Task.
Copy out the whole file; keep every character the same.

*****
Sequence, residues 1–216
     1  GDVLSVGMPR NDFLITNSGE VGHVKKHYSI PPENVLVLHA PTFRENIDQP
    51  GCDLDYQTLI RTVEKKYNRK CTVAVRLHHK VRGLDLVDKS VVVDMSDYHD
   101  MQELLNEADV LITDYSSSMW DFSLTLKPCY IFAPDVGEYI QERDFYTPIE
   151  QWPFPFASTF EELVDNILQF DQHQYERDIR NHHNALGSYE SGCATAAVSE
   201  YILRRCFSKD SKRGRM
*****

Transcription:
Sequence, residues 1–216
     1  GDVLSVGMPR NDFLITNSGE VGHVKKHYSI PPENVLVLHA PTFRENIDQP
    51  GCDLDYQTLI RTVEKKYNRK CTVAVRLHHK VRGLDLVDKS VVVDMSDYHD
   101  MQELLNEADV LITDYSSSMW DFSLTLKPCY IFAPDVGEYI QERDFYTPIE
   151  QWPFPFASTF EELVDNILQF DQHQYERDIR NHHNALGSYE SGCATAAVSE
   201  YILRRCFSKD SKRGRM